customers walking to the entrance of a Toys R Us store
Toys R Us filed for bankruptcy this week due to the lingering after-effects of a bad business decision made in 2000 PHOTO: Mike Kalasnik

Toys R Us, the iconic Wayne, NJ-based toy retailer, has filed for bankruptcy protection in the United States — and its historically lackluster attempt at digital transformation may be to blame.

To understand Toys "R" Us’s current position, we have to go back to the year 2000.

Feeding the Ecommerce Hand That Bites You

In 2000, the internet still had its training wheels on.

Toys R Us made a move that year that suggests it fully understood the internet's potential early on: it partnered with Amazon. The partnership essentially made Amazon the de facto online retailer for Toys R Us. Toys R Us promised to keep the toys coming, and Amazon was apparently obliged to remain exclusive to Toys R Us when it came to toys. 

The partnership included ToysRUs.com redirecting all traffic directly to Amazon’s website.

At the time, it may have seemed like a shrewd move for both sides. Toys R Us had the toys, Amazon had the online presence. But as the years passed, it became clear that Toys R Us was feeding the hand that eventually bit it.

Bill Davis has been involved with ecommerce since 1994, starting as an early employee at NetMarket. He told CMSWire Toys R Us made a mistake placing its trust in Amazon. As far as Davis is concerned, “Amazon got to watch firsthand what was selling, when it was selling and what wasn't selling.”

By 2003, Amazon began selling toys from other retailers — much to the dismay of Toys R Us. The toy retailer argued Amazon was violating the exclusivity agreement between the two companies, and followed up the accusations with a lawsuit in 2004, seeking $74 million in damages.

Amazon met the lawsuit head on, countersuing Toys R Us for $4.71 million, claiming the company had failed to keep toys in stock on its website.

Although the judge awarded no monetary damages, Toys R Us eventually won the case. It launched its own website in 2006, but it may have been the case of too little, too late.

A Slow March to Digital Transformation

By waiting until 2006 to take the ecommerce world seriously, Toys R Us came late to the party. According to Bill Davis, “underestimating both ecommerce and what Amazon was focusing on — retail domination —  started [Toys R Us] down the path they are on.”

Praful Saklani, CEO and founder of Brisbane, Calif.-based Pramata, an agency that digitizes and operationalizes commercial relationship details, also spoke to CMSWire.

According to Saklani, “Toys R Us failed because it didn’t have a coherent digital strategy to pair with a unique high-touch experience.”

“The commerce winners are companies that have a beat on their customers because they capture proprietary data on their customers. This enables real-time marketing based on that proprietary data; [which involves] offering what's relevant to a customer based on their preferences and online buying habits, and offering a continued experience in store,” he said.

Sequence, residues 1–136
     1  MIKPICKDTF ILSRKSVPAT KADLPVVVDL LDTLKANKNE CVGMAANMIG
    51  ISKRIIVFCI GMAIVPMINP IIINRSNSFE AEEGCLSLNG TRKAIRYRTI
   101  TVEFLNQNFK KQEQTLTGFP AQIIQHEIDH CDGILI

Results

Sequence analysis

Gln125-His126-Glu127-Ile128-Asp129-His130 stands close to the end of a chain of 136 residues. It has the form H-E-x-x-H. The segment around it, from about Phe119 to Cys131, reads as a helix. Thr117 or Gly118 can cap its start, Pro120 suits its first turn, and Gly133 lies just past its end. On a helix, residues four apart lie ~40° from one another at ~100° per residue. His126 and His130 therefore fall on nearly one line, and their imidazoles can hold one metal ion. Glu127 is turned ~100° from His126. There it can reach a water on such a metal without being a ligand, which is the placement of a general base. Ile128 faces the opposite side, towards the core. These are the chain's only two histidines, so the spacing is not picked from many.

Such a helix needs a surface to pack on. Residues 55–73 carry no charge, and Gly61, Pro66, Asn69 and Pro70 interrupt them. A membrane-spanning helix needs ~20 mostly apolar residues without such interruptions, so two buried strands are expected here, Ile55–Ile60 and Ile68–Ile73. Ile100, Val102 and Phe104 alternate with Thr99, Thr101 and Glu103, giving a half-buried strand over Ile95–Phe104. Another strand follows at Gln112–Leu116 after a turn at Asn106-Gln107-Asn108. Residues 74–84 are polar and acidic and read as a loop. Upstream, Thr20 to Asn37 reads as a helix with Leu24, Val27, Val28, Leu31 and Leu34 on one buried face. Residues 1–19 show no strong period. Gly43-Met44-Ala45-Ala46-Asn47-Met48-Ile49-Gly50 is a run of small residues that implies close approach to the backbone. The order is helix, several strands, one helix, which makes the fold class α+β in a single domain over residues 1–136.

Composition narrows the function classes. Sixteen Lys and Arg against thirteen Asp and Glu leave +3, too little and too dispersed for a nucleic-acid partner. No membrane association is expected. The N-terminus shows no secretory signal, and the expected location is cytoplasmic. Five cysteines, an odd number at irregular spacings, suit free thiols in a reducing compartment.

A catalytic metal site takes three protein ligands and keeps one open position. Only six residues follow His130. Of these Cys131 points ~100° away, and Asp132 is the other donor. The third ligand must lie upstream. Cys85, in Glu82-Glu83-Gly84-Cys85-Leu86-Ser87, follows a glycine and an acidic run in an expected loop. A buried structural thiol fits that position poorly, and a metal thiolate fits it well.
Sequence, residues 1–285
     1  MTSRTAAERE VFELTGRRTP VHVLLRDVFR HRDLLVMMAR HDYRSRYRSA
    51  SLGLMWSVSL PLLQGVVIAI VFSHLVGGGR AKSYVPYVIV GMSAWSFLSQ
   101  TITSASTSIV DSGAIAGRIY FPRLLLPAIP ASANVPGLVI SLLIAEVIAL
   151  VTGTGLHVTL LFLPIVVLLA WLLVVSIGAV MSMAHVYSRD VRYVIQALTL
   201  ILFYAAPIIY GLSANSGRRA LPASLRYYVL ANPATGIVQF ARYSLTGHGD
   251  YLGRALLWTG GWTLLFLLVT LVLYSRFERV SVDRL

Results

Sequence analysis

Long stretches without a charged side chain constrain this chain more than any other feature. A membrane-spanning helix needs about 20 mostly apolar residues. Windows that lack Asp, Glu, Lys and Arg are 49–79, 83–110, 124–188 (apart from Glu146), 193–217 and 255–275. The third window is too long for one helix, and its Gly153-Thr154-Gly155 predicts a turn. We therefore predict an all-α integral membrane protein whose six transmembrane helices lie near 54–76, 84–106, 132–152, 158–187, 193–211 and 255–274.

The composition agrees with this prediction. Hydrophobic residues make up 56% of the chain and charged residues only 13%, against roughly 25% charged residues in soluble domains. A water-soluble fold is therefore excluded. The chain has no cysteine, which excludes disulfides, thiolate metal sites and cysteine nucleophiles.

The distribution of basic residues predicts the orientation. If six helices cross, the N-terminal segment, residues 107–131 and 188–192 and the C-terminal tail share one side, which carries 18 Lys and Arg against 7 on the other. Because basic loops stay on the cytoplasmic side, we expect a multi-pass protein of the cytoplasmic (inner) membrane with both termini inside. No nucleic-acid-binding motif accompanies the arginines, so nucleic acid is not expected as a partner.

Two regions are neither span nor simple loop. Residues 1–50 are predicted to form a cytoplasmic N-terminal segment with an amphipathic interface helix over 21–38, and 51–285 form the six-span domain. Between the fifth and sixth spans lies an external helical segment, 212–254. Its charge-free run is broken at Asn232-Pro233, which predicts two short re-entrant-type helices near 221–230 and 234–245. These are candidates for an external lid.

Saklani continued by saying that without knowing who buys what, when or why, “old retailers like Toys R Us are stuck doing commerce the old fashioned way — by housing stocks of your products and looking for patterns based on incomplete data.”

What's Next for Toys R Us?

So how (and can) Toys R Us regroup?

Davis once again shared his take:

“[Toys R Us] need to focus on cementing its position as the number three toy retailer and work [hard] to defend that because it isn't going to overtake Amazon — that train left the station,” he claimed.

“Its company culture [also] needs to shift and that can't be done just by spending on ecommerce and technology,” Davis said.

Saklani insisted Toys R Us has the right tools at its disposal, it simply has to realize it:

“If it understands the importance of digital transformation — [and by that I mean] capturing proprietary data from its customers, the tools and strategies are there to transform its business based on the findings. Once the light bulb goes on, it can quickly take its years of data and start to create intelligence on its customers. This will give it a good starting point, [giving it what it needs to] intelligently build a strategy around its proprietary data sets and in-store experiences,” he said.

CMSWire also spoke with Eric Hansen, CTO and founder of Boston-based CX solutions provider SiteSpect on the issue. He sees the potential for a silver lining here:

“Just this year, about 20 stores have filed for bankruptcy. While it may seem like a drawback or 'the beginning of the end,' this could actually mark the start of Toys R Us transformation into the next generation of retail,” Hansen said.

To join that next generation, Hansen echoed Saklani’s point, saying Toys R Us would need to start by, “digging into its customer segments and gaining a deep understanding of how different consumers interact with a brand in different ways.”

Once Toys R Us is equipped with those detailed insights, Hansen continued, it can, “leverage data analytics, to create personalized shopping experiences and anticipate customer needs based on previous interactions, making for a seamless ecommerce experience, that doesn’t just drive sales, but also builds customer loyalty."